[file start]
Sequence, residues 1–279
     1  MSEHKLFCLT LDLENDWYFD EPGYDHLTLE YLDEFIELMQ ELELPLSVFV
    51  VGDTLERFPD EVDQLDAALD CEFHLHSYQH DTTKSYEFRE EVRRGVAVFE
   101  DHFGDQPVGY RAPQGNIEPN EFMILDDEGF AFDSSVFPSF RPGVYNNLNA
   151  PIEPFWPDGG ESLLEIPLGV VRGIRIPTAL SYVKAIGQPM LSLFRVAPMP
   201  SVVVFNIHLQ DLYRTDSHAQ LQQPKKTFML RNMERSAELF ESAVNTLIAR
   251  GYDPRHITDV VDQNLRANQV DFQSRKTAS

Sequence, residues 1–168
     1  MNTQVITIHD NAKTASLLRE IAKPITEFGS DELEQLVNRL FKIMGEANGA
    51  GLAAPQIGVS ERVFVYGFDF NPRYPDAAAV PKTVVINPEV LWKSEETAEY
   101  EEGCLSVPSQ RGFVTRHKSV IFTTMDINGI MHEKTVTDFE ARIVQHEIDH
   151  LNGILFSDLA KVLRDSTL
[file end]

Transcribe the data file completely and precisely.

Sequence, residues 1–279
     1  MSEHKLFCLT LDLENDWYFD EPGYDHLTLE YLDEFIELMQ ELELPLSVFV
    51  VGDTLERFPD EVDQLDAALD CEFHLHSYQH DTTKSYEFRE EVRRGVAVFE
   101  DHFGDQPVGY RAPQGNIEPN EFMILDDEGF AFDSSVFPSF RPGVYNNLNA
   151  PIEPFWPDGG ESLLEIPLGV VRGIRIPTAL SYVKAIGQPM LSLFRVAPMP
   201  SVVVFNIHLQ DLYRTDSHAQ LQQPKKTFML RNMERSAELF ESAVNTLIAR
   251  GYDPRHITDV VDQNLRANQV DFQSRKTAS

Sequence, residues 1–168
     1  MNTQVITIHD NAKTASLLRE IAKPITEFGS DELEQLVNRL FKIMGEANGA
    51  GLAAPQIGVS ERVFVYGFDF NPRYPDAAAV PKTVVINPEV LWKSEETAEY
   101  EEGCLSVPSQ RGFVTRHKSV IFTTMDINGI MHEKTVTDFE ARIVQHEIDH
   151  LNGILFSDLA KVLRDSTL